This chapter discusses theoretical reviews about urban space theory, the paradoxical roles of spatial planning, and introduces a revolutionary definition for sustainability, namely, the four-dimensional spatial sustainability (4DSS) model. Interestingly, the empirical section in this chapter underlines the links that emerge when addressing spatial critical transformations accorded by interconnected spatial relations when attached to conflict areas, mainly: planning, power, and politics, the (3P) concept. Theories pertaining to spatial planning and sustainable development have substantially evolved during the past century. However, both of these themes still remain underestimated and require further investigation when exploring conflict regions. Spatial planning in conflict zones requires forming fast-changing spatial policies accompanying the creation of irreversibly altered urban fabrics that generate in many cases drastic challenges for inhabitants, especially for the indigenous residents when considered a minority group. Therefore, clarifying the relationships between the 3P and 4DSS is a central issue in this chapter. Understanding these relationships reveals the range of political influence upon the role of planning and its objectives. In Jerusalem, the aforementioned interrelationships have generated a deeply divided city, where dramatic spatial and demographic changes have adversely affected the lives of Palestinians, threatening their presence and, by consequence, their identity.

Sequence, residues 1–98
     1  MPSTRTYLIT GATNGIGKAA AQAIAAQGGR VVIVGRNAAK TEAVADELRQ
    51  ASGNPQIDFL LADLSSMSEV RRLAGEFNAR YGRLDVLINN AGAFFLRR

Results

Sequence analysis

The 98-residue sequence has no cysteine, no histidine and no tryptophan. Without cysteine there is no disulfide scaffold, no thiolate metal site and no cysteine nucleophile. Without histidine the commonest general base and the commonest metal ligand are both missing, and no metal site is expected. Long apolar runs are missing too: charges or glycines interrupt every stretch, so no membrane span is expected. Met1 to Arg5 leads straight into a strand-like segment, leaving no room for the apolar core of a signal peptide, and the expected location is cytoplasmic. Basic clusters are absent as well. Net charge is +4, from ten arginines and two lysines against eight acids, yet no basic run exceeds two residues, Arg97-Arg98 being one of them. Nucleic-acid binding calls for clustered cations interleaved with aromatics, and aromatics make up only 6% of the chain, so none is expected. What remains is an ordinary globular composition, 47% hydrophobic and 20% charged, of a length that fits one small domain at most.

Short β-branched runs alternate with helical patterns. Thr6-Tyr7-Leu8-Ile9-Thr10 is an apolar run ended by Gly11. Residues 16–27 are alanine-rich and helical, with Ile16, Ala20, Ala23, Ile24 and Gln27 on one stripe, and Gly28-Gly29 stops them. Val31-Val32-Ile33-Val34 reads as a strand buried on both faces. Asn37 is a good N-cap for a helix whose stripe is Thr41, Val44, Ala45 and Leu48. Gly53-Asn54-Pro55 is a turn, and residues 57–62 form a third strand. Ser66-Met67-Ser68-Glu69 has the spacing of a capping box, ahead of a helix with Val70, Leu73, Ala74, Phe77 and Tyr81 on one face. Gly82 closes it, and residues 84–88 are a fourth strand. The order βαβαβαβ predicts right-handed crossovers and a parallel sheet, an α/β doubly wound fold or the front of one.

Part of the book: Land Use